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  • Author or Editor: Tanja Švara x
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Authors: Diana Žele, Mitja Gombač, Tanja Švara and Gorazd Vengušt

A carcinoid tumour in the liver of a red deer hind (Cervus elaphus) is described. Macroscopically, the liver was considerably enlarged with multifocal, firm, yellow and red nodular neoplastic masses, which were histopathologically diagnosed as hepatic carcinoids. The diagnosis was confirmed by modified Grimelius staining, which demonstrated numerous small argyrophilic granules in the cytoplasm of neoplastic cells, and by immunohistochemistry. The neoplastic cells gave a strong positive reaction for neuron-specific enolase (NSE) and synaptophysin and a weak positive reaction for chromogranin A. To our knowledge, this is the first report of a hepatic carcinoid in red deer.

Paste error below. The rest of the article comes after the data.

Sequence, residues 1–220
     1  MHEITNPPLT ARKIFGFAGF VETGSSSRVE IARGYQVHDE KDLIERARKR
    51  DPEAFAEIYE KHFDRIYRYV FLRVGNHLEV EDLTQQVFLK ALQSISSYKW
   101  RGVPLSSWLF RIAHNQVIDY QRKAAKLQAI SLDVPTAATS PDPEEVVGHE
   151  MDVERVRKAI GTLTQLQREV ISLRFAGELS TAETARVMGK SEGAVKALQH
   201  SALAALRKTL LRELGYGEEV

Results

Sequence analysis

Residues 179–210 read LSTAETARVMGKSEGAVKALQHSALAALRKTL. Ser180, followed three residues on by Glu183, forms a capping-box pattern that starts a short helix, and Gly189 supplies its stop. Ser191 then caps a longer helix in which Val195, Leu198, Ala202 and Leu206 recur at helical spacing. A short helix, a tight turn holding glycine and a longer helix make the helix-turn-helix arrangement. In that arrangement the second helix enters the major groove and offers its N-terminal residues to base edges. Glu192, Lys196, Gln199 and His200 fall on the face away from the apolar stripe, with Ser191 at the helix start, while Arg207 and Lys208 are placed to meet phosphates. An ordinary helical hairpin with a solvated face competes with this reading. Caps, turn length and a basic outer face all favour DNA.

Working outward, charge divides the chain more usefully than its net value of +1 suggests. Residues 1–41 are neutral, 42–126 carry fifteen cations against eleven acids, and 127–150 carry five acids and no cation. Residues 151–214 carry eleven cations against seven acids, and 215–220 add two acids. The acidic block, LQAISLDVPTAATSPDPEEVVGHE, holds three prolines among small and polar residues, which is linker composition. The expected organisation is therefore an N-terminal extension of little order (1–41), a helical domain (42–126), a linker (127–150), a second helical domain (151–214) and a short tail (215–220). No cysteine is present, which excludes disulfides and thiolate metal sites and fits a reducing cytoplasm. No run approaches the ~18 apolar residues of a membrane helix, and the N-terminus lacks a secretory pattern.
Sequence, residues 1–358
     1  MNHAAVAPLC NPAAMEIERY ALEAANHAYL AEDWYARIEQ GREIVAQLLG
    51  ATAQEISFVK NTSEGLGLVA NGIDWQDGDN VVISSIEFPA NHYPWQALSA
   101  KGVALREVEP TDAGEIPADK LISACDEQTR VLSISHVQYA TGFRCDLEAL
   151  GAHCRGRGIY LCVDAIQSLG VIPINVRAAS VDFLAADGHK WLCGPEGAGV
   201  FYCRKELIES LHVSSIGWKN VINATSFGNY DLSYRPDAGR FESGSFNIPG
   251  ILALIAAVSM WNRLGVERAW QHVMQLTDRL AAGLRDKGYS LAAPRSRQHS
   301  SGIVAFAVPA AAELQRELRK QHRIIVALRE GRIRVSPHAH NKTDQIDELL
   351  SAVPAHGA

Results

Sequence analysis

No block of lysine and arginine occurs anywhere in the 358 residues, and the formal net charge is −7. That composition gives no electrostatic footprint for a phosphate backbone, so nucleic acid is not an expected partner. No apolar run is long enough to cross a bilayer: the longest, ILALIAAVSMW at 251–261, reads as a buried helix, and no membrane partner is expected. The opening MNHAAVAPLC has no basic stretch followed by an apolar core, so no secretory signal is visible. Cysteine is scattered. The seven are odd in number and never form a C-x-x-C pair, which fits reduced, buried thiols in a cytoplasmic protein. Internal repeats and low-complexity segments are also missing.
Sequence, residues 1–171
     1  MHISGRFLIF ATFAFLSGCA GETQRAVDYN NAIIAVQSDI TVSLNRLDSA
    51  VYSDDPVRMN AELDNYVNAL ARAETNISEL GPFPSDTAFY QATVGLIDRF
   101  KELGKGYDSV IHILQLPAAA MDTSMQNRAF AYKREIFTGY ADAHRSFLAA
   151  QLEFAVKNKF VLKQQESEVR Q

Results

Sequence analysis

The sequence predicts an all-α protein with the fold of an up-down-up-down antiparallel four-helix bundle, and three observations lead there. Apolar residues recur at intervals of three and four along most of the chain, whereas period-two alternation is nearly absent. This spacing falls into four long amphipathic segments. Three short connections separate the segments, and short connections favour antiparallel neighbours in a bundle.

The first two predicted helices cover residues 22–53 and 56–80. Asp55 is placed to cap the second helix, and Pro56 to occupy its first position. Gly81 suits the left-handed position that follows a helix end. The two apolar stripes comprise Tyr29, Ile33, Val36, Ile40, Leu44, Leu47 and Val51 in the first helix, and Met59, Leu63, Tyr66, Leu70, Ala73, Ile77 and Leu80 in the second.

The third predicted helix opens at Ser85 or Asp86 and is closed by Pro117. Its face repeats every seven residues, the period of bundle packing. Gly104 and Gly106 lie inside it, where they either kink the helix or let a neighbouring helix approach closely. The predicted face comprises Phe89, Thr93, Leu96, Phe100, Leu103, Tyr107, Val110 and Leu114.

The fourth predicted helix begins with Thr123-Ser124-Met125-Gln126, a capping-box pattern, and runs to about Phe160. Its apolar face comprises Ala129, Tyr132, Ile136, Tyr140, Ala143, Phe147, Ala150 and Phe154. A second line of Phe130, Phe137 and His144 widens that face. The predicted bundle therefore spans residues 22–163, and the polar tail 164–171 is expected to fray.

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In this study, feed naturally containing Fusarium mycotoxins was fed to gilts during the perinatal period, and the effects on the thymus were investigated in one-week-old piglets. Twenty gilts were divided into equal control (0.26 mg deoxynivalenol, DON) and experimental (5.08 mg DON, 0.09 mg zearalenone and 21.61 mg fusaric acid per kg of feed) groups. One suckling piglet from each litter (n = 20) was sacrificed at one week of age to obtain thymus samples for further analysis. The cortex to medulla ratio of the thymus was morphometrically analysed using NIS Elements BR (Nikon) software. Paraffin-embedded thymus sections were stained to quantify apoptosis (with terminal deoxynucleotidyl transferase-mediated dUTP nick-end labelling – TUNEL method), cellular proliferation (Ki-67) and macrophages (MAC 387). The results showed that the thymus cortex (P = 0.023) to medulla (P = 0.023) ratio was significantly lower in the experimental group. The number of apoptotic cells (cortex, P = 0.010, medulla, P = 0.001) and the number of proliferating cells in the thymus cortex (P = 0.001) and medulla (P < 0.001) were significantly higher in the experimental group. Our results indicate that feeding Fusarium mycotoxins to a parent animal during the perinatal period induces significant alterations in the thymus of one-week-old piglets, which indicates an immunosuppressive effect in piglets.

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